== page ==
During the study period, respiratory rate (Figure 1) and rectal temperature (Figure 2) remained within normal range and were not significantly different between or within the two groups, indicating that comparable pain control was achieved. Dogs in both groups had increased heart rates compared to the baseline at 4, 5, 6, 7, and 8 hr (Figure 3), indicating that the dogs recovered at similar rates from anesthesia.

564939.fig.001
Figure 1: Mean respiratory rates over time for the IV and SC groups (IV group, ; SC group, ).
564939.fig.002
Figure 2: Mean rectal temperatures over time for the IV and SC groups (IV group, ; SC group, ).
564939.fig.003
Figure 3: Mean heart rates over time are not significantly different between the IV and SC groups. Values within the IV group are significantly different from the baseline measurements at 4 hr (), 5 hr (), 6 hr (), 7 hr (), and 8 hr (). Values within the SC group are significantly different from the baseline measurements at 4 hr (), 6 hr (), 7 hr (), and 8 hr ().
8.2. Pain Assessment

No significant differences were observed between the SC and IV groups when they were evaluated for mechanical pain thresholds, indicating similar analgesic effects of tramadol via both routes (Table 1). A significant decrease in the mechanical pain threshold was observed for both groups over time, further indicating that pain perception was similar for the two groups. Respiratory and heart rates were significantly associated with the mechanical pain scores in dogs receiving IV tramadol, but only respiratory rates are significantly associated with the mechanical pain threshold for dogs in the SC group (Table 2).

tab1
Table 1: Reaction times in the analgesiometer test demonstrate a progressive decrease in the mechanical pain threshold for dogs that received tramadol via both routes, indicating comparable increases in pain perception over time. The results are listed as the mean ± SD.
tab2
Table 2: The relationship between the subjective parameters and mechanical pain threshold was assessed using multiple linear regression.
8.3. Serum IL-6 and β-Endorphin Levels

There were no significant differences in serum levels of IL-6 () or β-endorphin () between the two groups, suggesting that dogs from both groups had similar perception and responses to painful stimulation (Figures 4 and 5).

564939.fig.004
Figure 4: Mean serum IL-6 concentrations for the IV and SC groups at different sampling times after tramadol administration ().
564939.fig.005
Figure 5: Mean serum β-endorphin concentrations for the IV and SC groups at different sampling times after tramadol administration ().

9. Discussion

In humans, SC administration of analgesics is widely used because it achieves relatively similar pain control compared to the intramuscular and IV routes [24]. Information on SC tramadol administration in dogs, however, is limited. Our study is the first to demonstrate that SC administration of tramadol is a reliable and effective method for controlling pain with limited side effects in dogs after OHE.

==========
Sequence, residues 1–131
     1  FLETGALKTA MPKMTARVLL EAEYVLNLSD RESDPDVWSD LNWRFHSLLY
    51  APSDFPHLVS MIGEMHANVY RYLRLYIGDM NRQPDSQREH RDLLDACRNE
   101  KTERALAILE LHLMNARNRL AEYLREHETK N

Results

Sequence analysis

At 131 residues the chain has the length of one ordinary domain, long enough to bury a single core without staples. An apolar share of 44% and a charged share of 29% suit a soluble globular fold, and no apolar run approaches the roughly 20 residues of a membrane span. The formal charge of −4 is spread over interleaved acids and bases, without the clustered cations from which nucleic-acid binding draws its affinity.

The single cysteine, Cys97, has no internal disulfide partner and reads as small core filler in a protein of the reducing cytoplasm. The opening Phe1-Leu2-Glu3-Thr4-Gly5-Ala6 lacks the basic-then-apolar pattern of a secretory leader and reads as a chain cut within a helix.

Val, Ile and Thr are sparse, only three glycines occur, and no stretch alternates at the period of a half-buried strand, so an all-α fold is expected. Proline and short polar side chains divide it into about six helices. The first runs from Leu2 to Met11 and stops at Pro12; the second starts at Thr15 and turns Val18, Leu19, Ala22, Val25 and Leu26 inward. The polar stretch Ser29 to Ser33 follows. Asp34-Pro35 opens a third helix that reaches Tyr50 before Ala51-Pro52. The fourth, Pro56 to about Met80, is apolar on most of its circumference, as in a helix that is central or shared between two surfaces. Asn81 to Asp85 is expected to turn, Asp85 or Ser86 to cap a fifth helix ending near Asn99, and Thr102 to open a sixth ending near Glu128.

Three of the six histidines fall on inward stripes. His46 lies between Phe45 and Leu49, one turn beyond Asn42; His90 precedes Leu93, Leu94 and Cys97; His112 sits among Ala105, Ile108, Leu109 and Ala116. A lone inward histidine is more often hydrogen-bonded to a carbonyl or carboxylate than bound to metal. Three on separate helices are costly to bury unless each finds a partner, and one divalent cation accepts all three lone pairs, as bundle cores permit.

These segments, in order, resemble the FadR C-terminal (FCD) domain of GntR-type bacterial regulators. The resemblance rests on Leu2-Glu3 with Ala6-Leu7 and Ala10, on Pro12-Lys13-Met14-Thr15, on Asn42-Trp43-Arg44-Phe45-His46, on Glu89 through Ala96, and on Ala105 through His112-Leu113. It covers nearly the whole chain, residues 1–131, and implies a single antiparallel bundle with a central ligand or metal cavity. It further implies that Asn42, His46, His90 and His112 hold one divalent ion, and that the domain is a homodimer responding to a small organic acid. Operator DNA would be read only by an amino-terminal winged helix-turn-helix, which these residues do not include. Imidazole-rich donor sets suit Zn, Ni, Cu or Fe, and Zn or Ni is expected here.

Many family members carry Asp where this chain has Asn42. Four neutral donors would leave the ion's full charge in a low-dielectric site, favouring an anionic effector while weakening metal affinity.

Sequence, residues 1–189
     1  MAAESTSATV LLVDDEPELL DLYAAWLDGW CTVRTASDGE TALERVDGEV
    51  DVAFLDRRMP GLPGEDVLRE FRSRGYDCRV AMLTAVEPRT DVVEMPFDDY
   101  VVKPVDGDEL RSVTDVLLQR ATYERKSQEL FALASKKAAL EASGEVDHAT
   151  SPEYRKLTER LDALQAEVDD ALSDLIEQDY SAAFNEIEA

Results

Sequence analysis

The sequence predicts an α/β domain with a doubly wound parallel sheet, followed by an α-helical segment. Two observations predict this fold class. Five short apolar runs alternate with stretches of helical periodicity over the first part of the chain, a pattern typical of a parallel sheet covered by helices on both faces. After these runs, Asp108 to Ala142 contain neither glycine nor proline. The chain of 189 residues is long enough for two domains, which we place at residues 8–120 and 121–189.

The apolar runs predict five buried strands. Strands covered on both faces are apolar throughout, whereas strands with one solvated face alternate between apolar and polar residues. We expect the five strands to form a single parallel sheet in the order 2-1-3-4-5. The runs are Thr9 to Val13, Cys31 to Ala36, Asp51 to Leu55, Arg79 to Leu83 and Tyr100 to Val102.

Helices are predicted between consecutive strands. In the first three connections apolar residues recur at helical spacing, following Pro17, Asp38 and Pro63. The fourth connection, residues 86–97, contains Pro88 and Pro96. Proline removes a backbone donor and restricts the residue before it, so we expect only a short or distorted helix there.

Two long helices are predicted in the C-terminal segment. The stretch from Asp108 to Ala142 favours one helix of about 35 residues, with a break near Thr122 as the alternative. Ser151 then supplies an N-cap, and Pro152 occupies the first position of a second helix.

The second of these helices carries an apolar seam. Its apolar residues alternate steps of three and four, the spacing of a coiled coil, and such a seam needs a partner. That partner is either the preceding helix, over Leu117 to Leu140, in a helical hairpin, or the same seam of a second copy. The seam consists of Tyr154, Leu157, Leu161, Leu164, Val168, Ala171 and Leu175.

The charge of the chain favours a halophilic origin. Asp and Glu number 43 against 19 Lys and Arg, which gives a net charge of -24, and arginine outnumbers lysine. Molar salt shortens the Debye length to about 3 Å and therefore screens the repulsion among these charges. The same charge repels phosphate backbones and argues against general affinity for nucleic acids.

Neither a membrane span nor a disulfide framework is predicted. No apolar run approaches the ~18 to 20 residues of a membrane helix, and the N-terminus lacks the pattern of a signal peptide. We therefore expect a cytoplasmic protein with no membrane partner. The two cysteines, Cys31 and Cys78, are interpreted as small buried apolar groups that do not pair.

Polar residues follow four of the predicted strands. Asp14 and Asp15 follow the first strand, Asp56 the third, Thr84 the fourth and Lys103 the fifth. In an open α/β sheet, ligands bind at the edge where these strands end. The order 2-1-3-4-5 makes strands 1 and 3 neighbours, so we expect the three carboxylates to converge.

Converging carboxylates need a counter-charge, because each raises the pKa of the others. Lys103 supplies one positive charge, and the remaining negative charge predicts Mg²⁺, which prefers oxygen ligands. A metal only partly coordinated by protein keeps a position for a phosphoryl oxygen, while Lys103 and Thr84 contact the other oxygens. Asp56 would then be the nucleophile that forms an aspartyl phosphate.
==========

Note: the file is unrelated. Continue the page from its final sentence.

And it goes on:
Although tramadol has a rapid onset of effect when given to dogs IV or intramuscularly, it can also produce unwanted side effects such as nausea, salivation, increased swallowing, and retching [11, 13]. Another effective analgesic strategy, epidural analgesia, carries the risk of nerve injury and side effects that include pruritus, urinary retention, hypoventilation and hypotension, [10, 18, 25]. In contrast, better patient compliance with minimal restraint was achieved in the SC group. In this study, none of the dogs suffered from adverse effects of tramadol, regardless of the route of administration. According to Hendrix et al. [26], marked respiratory depression is not observed in dogs, even with morphine administration. In addition, although vomiting is reported to occur within 5–10 min of SC administration of morphine, this effect is not reported with other opioids [27].

Physiologic indicators of acute pain in animals include increased heart rate, increased blood pressure, peripheral vasoconstriction, cardiac dysrhythmias, sweating, hyperventilation, and reduced peristalsis [27]. In our study, other than the slightly decreased rectal temperatures observed in the SC group two hours after recovery, heart rates, respiratory rates, and rectal temperatures did not vary significantly from the baseline or between the groups. Similar observations were made following epidural administration of tramadol in dogs undergoing stifle surgery [10]. In horses that received epidural tramadol, good analgesia was achieved without significantly influencing the horses’ behavioral and physiological parameters [28]. The parameters evaluated here demonstrated that the severity of pain had no detectable physiologic influence on the patients as judged by an observer, and the variability among these parameters was consistent for all tests between the groups. It is important to note that the anesthetic agents used in this study may have resulted in residual central nervous system depression, making pain assessment a challenge postoperatively.

Based on consistently decreasing algometer values for the nociceptive thresholds beginning 2 hours after recovery, increased pain was suspected around the incision site and thus warranted an additional dose of tramadol to maintain analgesia in dogs from both groups. These results suggest that the increased pressure thresholds until 3 hr after tramadol administration are associated with adequate analgesia, although tramadol dosed at 3 mg/kg results in no more than 3 hours of postsurgical analgesia in dogs [11]. The general lack of effect on the pressure threshold after 3 hours may be due to the complexity of pain neurophysiology, the different receptors involved [22], and the rapid clearance of tramadol in dogs [11]. In veterinary medicine, tramadol is typically used in dogs and cats at doses that do not exceed 4.0 mg/kg [29].